Dylanesque: songs that are comparable to Dylan. Part 1: Desolation Row


By Aaron Galbraith and Tony Attwood

Aaron: As we’ve come to the end of the series about Dylan’s favorite songs (the last episode being here, with an index to the full series) I put my thinking cap on to come up with something else we could do.

And I thought a nice way to piggy back off that series would be to look at songs that were inspired by Dylan. Hence I came up with this series which I have called Dylanesque (I stole the title from the Bryan Ferry album). Sometimes the songs will be ones we know and love and others will be new.

In fact, there is even a Wikipedia page devoted to the term Dylanesque and it describes it as:

Dylanesque (comparative more Dylanesque, superlative most Dylanesque)

  1. In the style of, or reminiscent of the music or lyrics of Bob Dylan (born 1941).

So I thought we could do the usual format: I will find a couple of songs that I feel were inspired by Dylan and send them over to you for your comments. Does that sound good?

Tony: Absolutely.  I know I’ll enjoy it, and I am hopeful that some of the three quarters of a million or so visits we get each year on the site will be directed to reading it.  And might I also extend a thought to everyone who ever takes a look at Untold Dylan – if you have an article, or just an idea for an article, and you think it might fit in with Untold, please do send in your thoughts to Tony@schools.co.uk

Aaron: OK, then let’s begin!

Here are a couple of songs I always got a Desolation Row vibe from… what do you think?

First is Joe Strummer with Ramshackle Day Parade from his 2003 posthumous album Streetcore

Tony: As I understand this is a song about or perhaps I should say, a remembrance of the terrorist attacks on 11 September 2001; he was one of the original members of the Clash, and as such one of the heroes of my pal who I go to football matches with and indeed who I spent much of yesterday with.

I read a comment that said that the lyrics don’t point the blame at anyone; no one knows or can say how it has all gone wrong, but it all has.  And that feels right to me…

The lyrics start

Muffle the drums
The hope of a new century comes
Was it all the amphetamine presidents
And their busy wives
Or did Manhattan crumble
The day Marlyn died

So while Dylan takes a single graphic image (postcards of the hanging) and (most certainly on the original recording) a very gentle relaxed musical style in contrast to the lyrics, Strummer uses multiple images and music that at times seems to strive to represent the chaos and catastrophe of everything.

Yet to my mind (and as ever of course this is just me) the images that Dylan utilises have an extra strength somehow.  “And the riot squad they’re restless, they need somewhere to go,” sung in such a gentle non-rioting way, always signifies to me that once the state creates the mechanisms of repression it has to use them, but also try to keep them under cover  – which I think is absolutely true.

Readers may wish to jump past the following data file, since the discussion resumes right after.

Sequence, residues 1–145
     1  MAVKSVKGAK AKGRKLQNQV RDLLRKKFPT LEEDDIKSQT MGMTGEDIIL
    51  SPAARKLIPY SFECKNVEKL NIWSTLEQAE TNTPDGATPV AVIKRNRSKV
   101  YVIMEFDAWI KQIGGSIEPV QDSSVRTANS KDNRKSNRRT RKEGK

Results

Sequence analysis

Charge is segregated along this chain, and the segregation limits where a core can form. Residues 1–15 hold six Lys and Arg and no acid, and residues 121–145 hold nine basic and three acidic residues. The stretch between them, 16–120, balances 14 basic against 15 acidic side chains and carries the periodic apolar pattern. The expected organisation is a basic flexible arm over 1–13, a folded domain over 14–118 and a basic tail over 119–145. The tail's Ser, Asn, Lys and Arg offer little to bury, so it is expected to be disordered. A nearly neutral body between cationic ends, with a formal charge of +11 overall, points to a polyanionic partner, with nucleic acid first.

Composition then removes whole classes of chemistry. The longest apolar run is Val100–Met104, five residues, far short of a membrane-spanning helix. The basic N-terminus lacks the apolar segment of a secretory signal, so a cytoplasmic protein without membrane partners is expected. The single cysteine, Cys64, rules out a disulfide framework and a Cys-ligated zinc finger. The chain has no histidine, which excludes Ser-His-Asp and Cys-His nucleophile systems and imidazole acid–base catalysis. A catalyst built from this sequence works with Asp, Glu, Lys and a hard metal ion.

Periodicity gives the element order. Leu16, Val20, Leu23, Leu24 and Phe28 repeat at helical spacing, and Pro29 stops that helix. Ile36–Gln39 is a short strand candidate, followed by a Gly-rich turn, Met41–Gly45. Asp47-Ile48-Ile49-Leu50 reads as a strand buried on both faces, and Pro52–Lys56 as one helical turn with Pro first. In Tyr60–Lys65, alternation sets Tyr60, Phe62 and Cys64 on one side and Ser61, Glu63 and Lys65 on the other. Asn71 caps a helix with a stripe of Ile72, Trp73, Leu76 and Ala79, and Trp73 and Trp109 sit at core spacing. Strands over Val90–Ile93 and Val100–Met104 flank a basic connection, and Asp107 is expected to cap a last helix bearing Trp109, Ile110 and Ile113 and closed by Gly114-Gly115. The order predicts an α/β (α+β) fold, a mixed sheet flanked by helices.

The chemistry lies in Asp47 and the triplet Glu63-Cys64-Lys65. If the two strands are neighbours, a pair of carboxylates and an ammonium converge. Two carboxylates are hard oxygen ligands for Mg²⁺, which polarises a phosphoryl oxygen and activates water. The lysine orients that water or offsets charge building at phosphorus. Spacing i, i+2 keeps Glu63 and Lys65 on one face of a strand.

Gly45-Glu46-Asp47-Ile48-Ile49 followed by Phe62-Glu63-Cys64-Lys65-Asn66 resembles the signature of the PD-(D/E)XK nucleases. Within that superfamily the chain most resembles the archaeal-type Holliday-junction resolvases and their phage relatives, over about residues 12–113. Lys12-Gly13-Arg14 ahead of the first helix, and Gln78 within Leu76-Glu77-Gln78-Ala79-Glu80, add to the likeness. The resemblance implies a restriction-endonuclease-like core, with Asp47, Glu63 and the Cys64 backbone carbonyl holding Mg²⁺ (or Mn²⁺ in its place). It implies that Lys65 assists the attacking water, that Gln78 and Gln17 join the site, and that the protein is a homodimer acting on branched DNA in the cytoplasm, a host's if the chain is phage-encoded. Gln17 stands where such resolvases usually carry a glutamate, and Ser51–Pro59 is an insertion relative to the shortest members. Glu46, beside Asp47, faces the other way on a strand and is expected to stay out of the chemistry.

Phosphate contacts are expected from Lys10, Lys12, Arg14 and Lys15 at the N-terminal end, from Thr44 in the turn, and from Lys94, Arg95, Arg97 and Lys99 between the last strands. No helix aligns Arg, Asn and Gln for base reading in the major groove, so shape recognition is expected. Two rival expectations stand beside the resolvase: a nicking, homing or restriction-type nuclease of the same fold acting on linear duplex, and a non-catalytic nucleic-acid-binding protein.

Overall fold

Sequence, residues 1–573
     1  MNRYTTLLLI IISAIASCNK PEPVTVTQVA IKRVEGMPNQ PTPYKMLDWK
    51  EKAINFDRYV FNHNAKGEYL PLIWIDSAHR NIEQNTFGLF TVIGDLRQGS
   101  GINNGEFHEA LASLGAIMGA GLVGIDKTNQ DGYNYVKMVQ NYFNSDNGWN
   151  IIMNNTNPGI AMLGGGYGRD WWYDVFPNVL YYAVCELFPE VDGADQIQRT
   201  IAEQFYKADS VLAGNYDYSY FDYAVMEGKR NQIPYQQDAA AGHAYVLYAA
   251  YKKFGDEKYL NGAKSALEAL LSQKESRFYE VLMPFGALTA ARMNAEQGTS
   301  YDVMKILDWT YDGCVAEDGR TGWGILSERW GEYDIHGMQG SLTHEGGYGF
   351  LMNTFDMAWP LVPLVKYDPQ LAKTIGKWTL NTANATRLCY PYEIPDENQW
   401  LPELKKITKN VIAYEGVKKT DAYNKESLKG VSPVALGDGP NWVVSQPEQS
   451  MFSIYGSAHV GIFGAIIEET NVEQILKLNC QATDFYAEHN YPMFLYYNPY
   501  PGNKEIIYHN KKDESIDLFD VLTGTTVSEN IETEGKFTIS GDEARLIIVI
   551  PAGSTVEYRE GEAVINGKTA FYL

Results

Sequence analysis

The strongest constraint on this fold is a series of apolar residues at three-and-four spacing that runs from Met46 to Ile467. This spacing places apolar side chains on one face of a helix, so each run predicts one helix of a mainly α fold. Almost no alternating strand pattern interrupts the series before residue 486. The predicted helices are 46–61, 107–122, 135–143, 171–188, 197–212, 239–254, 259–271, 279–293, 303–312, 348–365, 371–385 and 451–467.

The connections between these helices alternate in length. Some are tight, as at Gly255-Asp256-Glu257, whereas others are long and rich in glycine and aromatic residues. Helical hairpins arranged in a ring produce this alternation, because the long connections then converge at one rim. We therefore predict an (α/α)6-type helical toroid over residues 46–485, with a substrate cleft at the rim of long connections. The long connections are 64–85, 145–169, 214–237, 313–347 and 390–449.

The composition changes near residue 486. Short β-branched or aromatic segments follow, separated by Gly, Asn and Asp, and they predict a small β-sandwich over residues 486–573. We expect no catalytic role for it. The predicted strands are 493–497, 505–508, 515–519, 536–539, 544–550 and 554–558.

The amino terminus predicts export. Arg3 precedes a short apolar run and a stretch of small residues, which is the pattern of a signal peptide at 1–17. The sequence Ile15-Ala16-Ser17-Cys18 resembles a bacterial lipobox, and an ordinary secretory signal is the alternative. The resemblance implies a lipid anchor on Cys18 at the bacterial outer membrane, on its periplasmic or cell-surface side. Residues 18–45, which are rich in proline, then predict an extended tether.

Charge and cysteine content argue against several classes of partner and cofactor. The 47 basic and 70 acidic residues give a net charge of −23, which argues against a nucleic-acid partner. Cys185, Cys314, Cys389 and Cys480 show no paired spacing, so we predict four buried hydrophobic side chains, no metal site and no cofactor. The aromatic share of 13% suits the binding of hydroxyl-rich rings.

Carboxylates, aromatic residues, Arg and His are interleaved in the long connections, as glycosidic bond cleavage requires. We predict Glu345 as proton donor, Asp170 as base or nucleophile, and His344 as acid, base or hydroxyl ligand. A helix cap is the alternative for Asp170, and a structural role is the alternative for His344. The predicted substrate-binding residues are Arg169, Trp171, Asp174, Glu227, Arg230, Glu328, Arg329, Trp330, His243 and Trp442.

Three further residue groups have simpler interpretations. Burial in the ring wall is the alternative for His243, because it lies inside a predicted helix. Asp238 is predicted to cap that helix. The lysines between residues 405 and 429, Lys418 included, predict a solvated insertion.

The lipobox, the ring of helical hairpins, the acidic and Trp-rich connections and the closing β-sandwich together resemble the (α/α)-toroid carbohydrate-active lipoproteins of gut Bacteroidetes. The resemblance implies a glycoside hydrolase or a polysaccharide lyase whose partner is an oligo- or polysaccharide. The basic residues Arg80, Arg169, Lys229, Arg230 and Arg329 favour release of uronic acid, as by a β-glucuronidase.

But I find

Bring out the banners of Stalingrad
Here come the marching band

much more confusing.  And because the music at times seems to be falling over itself (which is of course an excellent notion if the music is to represent September 11) it becomes too much for me to take.   Dylan, by making the music so simple, allows me to feel the horrors of what was happening in the story he re-tells.  I don’t find that so much with the Clash.

Aaron: Next we have Dan Bern with Thanksgiving Day Parade from has 2001 album “New American Language.”

Tony: Technical note – it is one of those links which works for Aaron in the USA, but not for me in the UK.  I’ve added a second link below that works for me – hopefully one of these will work for you.


Tony (continuing): And I am overwhelmed.  Just as I was when you presented us with “Lawyers, guns and money”.   This is just such overwhelming fun, in the sense that it presents everything that can happen at a party, in a parade, in a holiday celebration, in everything, it can all just explode in this colourful overwhelming adventure of ideas, sounds, people, places…

As I have often mentioned my response to music is a mix of pure emotion (in which the sound knocks me out even before I know anything of the lyrics), plus then either the meaning or the fun of the words, and then finally the music, in which I often go in my own direction, having worked as a musician in the early part of my life.

And because this is a combination of various emotional rather than logical responses, it is often hard to understand and hard to express verbally.  And my responses are always related to where I am emotionally as I listen.

Now today (the morning of a public holiday in England) I’m still on a high because yesterday I drove to London (about 80 miles from my home) to the house of my best pal, and from there we went to our favourite pub and then on to watch the football team we both support.  The team won magnificently, it was the last game of the season and there was an overwhelming outpouring of emotion from the crowd of 60,000. not least when the coach came onto the pitch at the end and made a speech thanking us all for our support.

So I am still buzzing from that day out, and now I get to hear this song which I didn’t know, and which relates to yesterday, and to going to the Isle of Wight concert in my youth, all at once.

I don’t know if this is great music and I have my doubts about some of the lyrics, but it is above everything overwhelming fun, on the morning after a day of overwhelming fun.  I can only hope that you, dear reader, will be able to join in the fun at bit as well.